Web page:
GENEVA, June 16 (Reuters) - U.S. President Joe Biden asked Russian President Vladimir Putin on Wednesday how he would feel if someone carried out a ransomware attack on Russian oil pipelines, a pointed question during their summit that illustrated the breadth of their disagreements.
The query referred to a cyberattack that closed the Colonial Pipeline Co (COLPI.UL) system for several days in May, preventing millions of barrels of gasoline, diesel and jet fuel from flowing to the U.S. East Coast from the Gulf Coast.
Both leaders described their first summit in a lakeside Swiss villa as professional, rather than friendly, and said they agreed to hold lower-level talks on cybersecurity and arms control and to send their ambassadors back to their capitals.
But there was no hiding their differences on issues such as human rights, where Biden said the consequences for Russia would be devastating if jailed Kremlin critic Alexei Navalny died, or cyberspace, where Washington has demanded Moscow crack down on ransomware attacks emanating from Russian soil.
While saying he had not made any threats to Putin in their talks, which a senior U.S. official said had lasted about three hours, Biden said he had posed a theoretical question to his Russian counterpart about the dangers of cyberattacks.
"I looked at him and said how would you feel if ransomware took on the pipelines from your oil fields? He said it would matter," Biden told reporters at a solo news conference, itself an illustration of the tensions between the two nations.
U.S. President Joe Biden and Russia's President Vladimir Putin meet for the U.S.-Russia summit at Villa La Grange in Geneva, Switzerland June 16, 2021. Sputnik/Mikhail Metzel/Pool via REUTERS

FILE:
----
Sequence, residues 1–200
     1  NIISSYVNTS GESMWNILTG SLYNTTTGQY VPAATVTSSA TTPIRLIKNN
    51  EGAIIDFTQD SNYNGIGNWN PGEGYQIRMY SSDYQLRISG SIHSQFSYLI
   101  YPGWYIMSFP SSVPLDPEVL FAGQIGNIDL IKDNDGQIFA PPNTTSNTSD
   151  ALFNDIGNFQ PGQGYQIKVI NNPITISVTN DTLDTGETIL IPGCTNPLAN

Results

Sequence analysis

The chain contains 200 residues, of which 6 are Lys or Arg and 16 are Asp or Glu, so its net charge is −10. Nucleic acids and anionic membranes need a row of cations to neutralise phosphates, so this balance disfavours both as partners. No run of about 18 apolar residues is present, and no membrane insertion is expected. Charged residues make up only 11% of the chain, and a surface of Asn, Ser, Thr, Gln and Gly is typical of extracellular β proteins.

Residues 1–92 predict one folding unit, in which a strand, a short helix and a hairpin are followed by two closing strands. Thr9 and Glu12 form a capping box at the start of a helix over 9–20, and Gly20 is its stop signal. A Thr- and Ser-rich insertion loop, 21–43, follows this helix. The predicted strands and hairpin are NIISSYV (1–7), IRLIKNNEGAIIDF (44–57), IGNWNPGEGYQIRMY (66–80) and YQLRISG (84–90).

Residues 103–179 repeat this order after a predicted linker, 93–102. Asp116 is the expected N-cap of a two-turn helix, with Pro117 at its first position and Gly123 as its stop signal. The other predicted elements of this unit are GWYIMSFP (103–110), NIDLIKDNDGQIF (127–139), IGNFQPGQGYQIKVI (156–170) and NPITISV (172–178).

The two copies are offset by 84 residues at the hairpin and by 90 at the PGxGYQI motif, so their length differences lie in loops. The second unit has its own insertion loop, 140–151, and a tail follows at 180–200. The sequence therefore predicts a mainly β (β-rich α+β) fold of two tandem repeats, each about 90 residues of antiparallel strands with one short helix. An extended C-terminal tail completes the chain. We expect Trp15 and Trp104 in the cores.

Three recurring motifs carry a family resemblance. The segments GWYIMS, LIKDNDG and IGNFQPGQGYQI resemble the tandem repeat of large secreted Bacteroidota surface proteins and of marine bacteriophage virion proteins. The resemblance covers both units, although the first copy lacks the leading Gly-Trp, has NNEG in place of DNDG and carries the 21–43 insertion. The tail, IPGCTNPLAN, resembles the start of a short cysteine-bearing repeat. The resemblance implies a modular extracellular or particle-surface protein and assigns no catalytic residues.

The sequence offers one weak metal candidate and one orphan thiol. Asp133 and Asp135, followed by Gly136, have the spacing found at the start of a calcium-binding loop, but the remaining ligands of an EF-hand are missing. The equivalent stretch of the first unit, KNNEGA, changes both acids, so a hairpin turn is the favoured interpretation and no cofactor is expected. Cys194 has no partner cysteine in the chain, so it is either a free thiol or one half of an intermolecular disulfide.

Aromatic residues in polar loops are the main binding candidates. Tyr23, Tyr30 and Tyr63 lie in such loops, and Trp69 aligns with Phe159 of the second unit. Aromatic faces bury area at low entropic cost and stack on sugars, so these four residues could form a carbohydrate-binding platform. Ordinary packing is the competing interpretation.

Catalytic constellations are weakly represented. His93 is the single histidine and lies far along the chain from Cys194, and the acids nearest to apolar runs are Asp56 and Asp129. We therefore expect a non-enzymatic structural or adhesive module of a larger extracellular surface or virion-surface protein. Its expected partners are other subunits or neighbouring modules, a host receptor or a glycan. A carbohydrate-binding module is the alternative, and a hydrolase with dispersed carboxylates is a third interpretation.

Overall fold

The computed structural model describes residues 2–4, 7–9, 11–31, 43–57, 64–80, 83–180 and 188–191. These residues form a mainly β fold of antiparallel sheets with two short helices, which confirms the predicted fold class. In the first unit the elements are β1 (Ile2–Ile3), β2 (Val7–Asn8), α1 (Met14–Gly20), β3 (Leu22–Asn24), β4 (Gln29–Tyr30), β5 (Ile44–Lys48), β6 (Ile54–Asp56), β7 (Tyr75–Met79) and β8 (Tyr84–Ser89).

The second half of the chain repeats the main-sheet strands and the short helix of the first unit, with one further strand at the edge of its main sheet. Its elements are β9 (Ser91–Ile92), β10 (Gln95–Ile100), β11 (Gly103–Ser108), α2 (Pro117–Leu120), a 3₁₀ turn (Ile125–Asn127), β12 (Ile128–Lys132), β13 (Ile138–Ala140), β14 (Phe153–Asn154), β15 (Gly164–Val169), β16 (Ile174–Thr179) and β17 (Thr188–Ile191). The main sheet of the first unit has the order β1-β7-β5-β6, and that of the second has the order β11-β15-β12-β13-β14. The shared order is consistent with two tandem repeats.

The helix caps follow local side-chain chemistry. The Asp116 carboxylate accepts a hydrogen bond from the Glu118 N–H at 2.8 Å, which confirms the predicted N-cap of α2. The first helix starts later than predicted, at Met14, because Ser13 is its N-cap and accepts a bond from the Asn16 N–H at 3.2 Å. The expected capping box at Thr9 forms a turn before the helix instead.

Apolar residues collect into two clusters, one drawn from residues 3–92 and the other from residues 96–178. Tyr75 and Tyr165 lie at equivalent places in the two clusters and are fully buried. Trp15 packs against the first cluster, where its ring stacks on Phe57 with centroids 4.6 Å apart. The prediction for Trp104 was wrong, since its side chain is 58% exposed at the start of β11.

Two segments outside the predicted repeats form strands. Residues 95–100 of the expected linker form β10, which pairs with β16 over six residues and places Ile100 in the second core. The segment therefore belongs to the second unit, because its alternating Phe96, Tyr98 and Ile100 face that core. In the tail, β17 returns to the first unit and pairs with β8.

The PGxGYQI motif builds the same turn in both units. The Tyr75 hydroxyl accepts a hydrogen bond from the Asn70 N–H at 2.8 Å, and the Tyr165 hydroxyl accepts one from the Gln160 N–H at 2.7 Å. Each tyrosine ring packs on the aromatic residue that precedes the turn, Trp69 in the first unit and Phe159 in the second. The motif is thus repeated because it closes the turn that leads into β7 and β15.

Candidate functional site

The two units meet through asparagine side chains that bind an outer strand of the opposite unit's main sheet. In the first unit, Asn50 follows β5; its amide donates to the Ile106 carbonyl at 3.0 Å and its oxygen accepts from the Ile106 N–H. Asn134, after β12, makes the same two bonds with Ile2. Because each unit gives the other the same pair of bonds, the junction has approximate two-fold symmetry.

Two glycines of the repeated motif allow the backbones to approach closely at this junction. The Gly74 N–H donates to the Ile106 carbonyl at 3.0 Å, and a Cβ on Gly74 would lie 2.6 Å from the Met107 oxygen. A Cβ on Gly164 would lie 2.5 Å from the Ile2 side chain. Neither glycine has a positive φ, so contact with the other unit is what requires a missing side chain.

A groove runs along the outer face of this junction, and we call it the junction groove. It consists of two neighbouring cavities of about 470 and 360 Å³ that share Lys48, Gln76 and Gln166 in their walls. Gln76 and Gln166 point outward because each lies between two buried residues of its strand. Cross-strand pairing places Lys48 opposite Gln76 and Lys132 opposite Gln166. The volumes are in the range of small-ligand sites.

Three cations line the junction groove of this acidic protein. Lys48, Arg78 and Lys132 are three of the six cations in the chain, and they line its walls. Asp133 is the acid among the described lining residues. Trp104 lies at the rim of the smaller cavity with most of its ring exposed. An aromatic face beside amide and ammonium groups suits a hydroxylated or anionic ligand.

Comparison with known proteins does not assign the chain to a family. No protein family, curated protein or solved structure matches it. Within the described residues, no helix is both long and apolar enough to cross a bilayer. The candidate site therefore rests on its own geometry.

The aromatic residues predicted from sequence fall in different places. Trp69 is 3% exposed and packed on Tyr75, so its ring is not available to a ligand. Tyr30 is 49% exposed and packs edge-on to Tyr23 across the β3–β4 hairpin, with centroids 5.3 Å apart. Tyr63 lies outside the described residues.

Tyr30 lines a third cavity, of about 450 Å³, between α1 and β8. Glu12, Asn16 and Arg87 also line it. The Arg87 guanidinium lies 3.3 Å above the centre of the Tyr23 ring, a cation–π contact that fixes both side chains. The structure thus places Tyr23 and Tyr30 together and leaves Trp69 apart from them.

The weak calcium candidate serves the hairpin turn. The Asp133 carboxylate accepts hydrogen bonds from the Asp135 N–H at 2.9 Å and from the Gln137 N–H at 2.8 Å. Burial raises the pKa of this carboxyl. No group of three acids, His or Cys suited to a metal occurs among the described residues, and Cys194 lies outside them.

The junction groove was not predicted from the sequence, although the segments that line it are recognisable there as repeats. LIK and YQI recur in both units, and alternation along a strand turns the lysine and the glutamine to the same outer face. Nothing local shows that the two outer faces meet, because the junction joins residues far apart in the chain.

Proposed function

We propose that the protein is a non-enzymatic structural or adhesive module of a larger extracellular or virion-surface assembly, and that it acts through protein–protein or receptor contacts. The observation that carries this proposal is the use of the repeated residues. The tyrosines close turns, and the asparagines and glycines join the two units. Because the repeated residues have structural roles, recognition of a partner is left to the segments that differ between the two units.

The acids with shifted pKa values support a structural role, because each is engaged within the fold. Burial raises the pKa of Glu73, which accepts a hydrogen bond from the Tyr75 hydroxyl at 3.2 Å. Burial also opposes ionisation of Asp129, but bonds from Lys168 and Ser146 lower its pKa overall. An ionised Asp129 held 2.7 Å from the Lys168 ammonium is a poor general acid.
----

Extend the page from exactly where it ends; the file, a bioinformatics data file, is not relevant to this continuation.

Biden said he told Putin critical infrastructure should be "off-limits" to cyberattacks, saying the list of organizations that should be off-limits included 16 sectors that he did not identify.
Speaking to reporters earlier, Putin showed little appetite for compromise, dismissing Washington's concerns about Navalny, about Russia's increased military presence near Ukraine's eastern border, and about U.S. suggestions that unnamed Russians were responsible for cyberattacks in the United States.
Putin, 68, called Biden, 78, a constructive, experienced partner, and said they spoke "the same language," but added that there had been no friendship, rather a pragmatic dialogue about their two countries' interests.
Biden said he had told Putin "we need some basic rules of the road that we can all abide by."
The separate news conferences meant there was none of the joviality that accompanied a 2018 meeting in Helsinki between Putin and Biden's predecessor, Donald Trump, where Putin gave Trump with a soccer ball. There was also no shared meal.
In a joint statement issued after the news conferences, the two sides said the meeting showed that they were able to make progress on shared goals even in periods of tension.
The United States and Russia will embark on an integrated bilateral Strategic Stability Dialogue to lay the groundwork for future arms control and risk reduction measures, it said, saying the talks would begin "in the near future."